The capsicums are a large family of vegetables that includes bell peppers and their chile pepper cousins of many sizes, flavors, and colors. At the turn of the season from summer to fall, mirroring the change in foliage elsewhere in the
landscape, they transmogrify to vivid hues from yellow/oranges to bright reds. Mild bells and spicy chilies–the not-biting Anaheims to zingy cayennes, arbols, jalapenos, and searing habaneros, all suddenly show up in bold autumn dress. It’s quite a phenomenon!
The red capsicums in particular mix beautifully with each other in a marmalade, slightly sugar-sweetened and vinegar-tarted, with just a touch of heat. It makes a fine condiment for meat dishes, topping for ice cream, or slather for bagels and cream cheese. A version of this recipe appears in Bold: A Cookbook of Big Flavors, co-authored with Susanna Hoffman (Workman, January 2014), where we have it paired with a pork loin roast.
A Cooking Note: The recipe can be multiplied if you’d like to make a big batch for holiday entertaining and gift giving. The timing will have to be adjusted depending on the quantity.
A Taste Note: Cumin seeds can replace the caraway to take the marmalade in an Indian, more chutney-like, direction.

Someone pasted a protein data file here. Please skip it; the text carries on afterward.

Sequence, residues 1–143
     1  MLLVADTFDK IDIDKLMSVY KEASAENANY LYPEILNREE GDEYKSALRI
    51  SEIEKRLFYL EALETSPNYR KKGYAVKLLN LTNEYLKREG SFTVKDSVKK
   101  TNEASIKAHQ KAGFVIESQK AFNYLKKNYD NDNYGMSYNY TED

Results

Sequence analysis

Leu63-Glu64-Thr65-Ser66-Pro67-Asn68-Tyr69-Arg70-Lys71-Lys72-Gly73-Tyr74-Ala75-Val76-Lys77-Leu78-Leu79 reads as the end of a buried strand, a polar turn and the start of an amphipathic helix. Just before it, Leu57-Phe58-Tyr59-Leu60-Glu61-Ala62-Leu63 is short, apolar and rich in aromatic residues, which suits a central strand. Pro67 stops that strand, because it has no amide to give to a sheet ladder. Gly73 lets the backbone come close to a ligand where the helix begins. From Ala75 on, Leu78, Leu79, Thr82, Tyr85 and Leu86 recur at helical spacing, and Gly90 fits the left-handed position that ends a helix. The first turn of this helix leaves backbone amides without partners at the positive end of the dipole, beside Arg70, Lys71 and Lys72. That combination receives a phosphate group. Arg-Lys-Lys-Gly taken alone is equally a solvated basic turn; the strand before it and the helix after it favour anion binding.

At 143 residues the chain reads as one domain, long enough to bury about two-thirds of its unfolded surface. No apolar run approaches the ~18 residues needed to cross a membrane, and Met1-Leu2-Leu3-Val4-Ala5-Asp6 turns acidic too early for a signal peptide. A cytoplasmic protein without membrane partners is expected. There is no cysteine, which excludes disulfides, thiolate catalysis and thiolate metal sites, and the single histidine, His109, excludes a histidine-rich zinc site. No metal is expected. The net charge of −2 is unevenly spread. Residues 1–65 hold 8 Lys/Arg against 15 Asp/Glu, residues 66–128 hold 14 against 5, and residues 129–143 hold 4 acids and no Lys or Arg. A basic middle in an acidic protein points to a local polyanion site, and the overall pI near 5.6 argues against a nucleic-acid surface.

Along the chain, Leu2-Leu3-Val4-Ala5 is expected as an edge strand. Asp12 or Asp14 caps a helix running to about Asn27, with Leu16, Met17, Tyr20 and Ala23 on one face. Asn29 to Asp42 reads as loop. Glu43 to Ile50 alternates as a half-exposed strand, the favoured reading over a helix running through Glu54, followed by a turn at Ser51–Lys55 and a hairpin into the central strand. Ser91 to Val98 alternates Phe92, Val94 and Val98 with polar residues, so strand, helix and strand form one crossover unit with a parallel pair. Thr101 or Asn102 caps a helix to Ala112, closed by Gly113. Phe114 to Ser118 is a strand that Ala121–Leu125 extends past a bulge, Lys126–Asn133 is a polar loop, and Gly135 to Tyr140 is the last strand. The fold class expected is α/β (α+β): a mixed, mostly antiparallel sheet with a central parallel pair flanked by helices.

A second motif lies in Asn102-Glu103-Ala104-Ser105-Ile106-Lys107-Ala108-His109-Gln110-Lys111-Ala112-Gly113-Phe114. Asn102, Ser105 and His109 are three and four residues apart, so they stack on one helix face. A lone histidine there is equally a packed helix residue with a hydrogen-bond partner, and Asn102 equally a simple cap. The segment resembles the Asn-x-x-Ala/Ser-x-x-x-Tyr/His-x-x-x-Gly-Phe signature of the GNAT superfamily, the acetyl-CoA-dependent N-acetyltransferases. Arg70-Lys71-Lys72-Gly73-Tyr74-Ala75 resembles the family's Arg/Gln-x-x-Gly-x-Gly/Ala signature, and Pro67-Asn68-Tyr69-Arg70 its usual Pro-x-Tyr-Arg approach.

Makes about 1 1/2 cups
3 medium red bell and/or Anaheim chile peppers, stemmed, quartered, inner membranes cut away, and peppers thinly sliced
1 to 2 small fresh red chili peppers, stemmed, halved, and thinly sliced
1 small yellow or white onion or 2 large shallots, halved and very thinly sliced
1 teaspoon caraway seeds
1/ 3 cup granulated sugar
1/ 4 cup apple cider vinegar
2 1/ 2 cups apple juice
Combine all the ingredients in a medium saucepan, stir to mix, and bring to a boil over medium-high heat. Decrease the heat to maintain a brisk simmer and cook, stirring from time to time, until the mixture is thickened and almost candy-like but still liquid, about 35 minutes. Remove from the heat and cool slightly. Use right away, or cool completely and store in the refrigerator for up to several weeks.